Pediatric Pulmonology; Pediatrics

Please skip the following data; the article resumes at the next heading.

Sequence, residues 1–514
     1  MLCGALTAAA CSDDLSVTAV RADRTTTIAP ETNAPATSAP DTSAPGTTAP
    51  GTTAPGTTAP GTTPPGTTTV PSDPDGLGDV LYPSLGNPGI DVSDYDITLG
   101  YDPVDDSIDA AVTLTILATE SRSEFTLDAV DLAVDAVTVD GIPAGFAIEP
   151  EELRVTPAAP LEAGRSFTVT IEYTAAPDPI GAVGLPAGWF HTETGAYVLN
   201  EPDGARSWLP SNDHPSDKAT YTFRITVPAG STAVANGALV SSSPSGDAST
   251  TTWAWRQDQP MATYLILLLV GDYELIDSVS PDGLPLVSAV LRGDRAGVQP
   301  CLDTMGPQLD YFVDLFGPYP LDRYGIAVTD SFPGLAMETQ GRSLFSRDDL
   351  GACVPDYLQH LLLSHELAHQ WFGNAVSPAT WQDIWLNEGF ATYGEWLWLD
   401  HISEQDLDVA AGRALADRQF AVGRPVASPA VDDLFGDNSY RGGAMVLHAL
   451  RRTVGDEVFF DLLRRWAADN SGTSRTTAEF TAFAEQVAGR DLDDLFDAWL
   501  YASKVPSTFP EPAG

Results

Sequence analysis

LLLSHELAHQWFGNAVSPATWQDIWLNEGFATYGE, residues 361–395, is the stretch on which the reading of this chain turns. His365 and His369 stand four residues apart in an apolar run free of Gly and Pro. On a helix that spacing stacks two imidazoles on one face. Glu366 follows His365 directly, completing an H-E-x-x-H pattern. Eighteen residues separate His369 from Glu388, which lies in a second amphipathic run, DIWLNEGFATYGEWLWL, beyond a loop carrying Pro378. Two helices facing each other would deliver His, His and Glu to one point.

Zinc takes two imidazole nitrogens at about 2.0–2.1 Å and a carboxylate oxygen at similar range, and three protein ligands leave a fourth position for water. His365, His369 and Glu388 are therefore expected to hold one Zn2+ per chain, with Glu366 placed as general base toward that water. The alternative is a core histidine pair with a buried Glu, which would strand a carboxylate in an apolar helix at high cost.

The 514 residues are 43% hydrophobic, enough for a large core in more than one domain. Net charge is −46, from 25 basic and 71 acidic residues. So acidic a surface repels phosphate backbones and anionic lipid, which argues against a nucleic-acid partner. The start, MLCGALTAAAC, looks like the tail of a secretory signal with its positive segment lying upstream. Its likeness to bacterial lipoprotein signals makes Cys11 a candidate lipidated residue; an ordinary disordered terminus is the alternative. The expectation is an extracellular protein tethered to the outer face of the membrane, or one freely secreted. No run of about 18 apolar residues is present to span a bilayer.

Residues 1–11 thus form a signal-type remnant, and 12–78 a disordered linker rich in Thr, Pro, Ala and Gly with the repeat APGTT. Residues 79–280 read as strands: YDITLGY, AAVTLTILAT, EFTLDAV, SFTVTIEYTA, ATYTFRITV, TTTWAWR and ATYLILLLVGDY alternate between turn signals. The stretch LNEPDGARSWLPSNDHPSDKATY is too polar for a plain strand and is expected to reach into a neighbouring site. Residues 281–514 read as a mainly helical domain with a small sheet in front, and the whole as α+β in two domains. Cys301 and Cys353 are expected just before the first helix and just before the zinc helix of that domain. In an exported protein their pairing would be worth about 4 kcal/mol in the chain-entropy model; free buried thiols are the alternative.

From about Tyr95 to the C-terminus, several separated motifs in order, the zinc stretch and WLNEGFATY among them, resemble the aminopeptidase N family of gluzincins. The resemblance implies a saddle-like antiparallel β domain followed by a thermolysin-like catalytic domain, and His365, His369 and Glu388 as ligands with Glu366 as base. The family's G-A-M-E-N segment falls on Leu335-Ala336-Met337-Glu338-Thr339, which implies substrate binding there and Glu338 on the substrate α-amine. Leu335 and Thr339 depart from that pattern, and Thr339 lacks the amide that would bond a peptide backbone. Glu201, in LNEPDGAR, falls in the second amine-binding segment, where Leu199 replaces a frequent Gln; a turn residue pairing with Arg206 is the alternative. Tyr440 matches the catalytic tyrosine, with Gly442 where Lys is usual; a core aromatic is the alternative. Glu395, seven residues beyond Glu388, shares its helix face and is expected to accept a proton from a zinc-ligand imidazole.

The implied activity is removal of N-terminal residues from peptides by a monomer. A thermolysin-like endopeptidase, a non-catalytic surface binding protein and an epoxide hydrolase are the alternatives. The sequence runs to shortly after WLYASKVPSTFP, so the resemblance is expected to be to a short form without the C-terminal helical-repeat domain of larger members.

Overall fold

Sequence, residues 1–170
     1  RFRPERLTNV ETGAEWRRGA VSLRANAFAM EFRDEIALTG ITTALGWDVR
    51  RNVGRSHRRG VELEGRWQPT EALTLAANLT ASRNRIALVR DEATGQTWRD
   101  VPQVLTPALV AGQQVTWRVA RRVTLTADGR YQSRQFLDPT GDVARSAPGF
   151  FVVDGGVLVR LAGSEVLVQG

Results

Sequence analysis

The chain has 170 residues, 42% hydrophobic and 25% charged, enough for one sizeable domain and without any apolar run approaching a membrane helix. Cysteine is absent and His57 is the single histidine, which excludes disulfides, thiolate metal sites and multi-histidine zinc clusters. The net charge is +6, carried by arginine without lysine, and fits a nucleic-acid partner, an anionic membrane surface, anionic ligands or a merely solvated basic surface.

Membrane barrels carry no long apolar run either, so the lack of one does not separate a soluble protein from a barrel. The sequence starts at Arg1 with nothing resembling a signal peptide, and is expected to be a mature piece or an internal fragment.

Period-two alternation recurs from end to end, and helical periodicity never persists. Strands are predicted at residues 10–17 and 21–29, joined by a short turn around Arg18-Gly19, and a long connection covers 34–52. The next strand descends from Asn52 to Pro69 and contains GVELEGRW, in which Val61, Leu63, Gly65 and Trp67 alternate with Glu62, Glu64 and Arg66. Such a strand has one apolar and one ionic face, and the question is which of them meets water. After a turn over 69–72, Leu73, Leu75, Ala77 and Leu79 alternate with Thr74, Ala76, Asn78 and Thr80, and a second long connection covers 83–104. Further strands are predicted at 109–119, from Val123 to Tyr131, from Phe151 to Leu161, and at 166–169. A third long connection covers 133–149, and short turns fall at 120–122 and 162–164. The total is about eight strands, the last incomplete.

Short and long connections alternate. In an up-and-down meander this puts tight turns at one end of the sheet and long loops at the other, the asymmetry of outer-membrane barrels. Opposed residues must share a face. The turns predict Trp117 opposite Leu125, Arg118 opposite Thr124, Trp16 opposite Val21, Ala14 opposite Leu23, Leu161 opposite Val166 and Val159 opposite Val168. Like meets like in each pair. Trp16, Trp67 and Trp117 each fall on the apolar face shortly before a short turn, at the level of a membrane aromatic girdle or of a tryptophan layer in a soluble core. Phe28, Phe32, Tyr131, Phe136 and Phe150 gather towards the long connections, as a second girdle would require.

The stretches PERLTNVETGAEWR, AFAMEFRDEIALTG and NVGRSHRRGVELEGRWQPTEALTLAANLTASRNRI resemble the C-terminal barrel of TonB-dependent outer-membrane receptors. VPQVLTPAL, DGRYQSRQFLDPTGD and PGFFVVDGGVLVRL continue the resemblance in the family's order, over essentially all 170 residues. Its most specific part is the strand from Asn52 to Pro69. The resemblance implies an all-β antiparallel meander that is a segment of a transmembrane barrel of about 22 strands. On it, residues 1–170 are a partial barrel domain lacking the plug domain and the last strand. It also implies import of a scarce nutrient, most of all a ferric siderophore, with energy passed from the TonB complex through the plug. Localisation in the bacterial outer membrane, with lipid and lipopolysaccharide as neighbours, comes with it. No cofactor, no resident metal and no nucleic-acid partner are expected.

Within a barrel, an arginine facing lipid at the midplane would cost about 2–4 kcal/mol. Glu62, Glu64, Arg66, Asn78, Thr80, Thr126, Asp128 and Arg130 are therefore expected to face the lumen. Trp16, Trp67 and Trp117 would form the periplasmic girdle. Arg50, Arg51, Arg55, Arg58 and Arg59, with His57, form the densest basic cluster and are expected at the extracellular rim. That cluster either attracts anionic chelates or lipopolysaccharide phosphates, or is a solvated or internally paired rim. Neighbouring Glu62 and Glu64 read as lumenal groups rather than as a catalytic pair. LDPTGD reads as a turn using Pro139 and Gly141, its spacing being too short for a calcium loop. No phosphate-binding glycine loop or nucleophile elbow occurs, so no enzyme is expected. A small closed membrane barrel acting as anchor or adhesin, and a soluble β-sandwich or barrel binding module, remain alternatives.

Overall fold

I oversee clinical, teaching and research activity related to evaluating and treating infants, children and young adults with pulmonary diseases such as asthma, cystic fibrosis, neuromuscular disease, interstitial lung disease, bronchopulmonary dysplasia and chronic ventilatory failure. My practice is primarily located at the Lung Center at the Women and Children’s Hospital of Buffalo where I provide family-centered care to our patients that promotes wellness and quality of life. I manage the respiratory care of patients with neuromuscular disease such as spinal muscle atrophy, Duchenne muscular dystrophy (DMD), and other muscular dystrophies. I believe strongly in striving for equity in health care, e.g., all children and adults with muscular dystrophy should be offered the full spectrum of respiratory care choices. With investigators from the Centers for Disease Control and Prevention (CDC), I conduct research within the five-site Muscular Dystrophy Surveillance, Tracking and Research Network (MD STARnet) to study respiratory care trends for individuals with Duchenne and Becker muscular dystrophies. There is a shortage of pediatric and adult pulmonologists trained in neuromuscular respiratory care, and through MD STARnet, we can explore variances in care delivery, particularly as patients make the transition from pediatric to adult health care providers, and thus can help guide allocation of funding, training and resources. My other passion is teaching, especially preparing the next generation of physicians to provide care that is humanistic, holistic and patient-centered. In February 2015, I joined the UB Office of Medical Curriculum as Associate Dean. I am a member of the faculty advisory council for the medical school’s Center for Medical Humanities. I also serve as an instructor for the University at Buffalo/Royal College of Physicians Educator Program (UB/RCP), and I am a member of its master educator committee. Through these collaborations, we will develop a four-year medical student humanities curriculum by using examples in the humanities and the arts to provide insight into the human condition. This insight will foster in medical students and residents skills of observation, analysis, empathy and self-reflection − skills that are essential for humanistic medical care as well as self-care for the physician.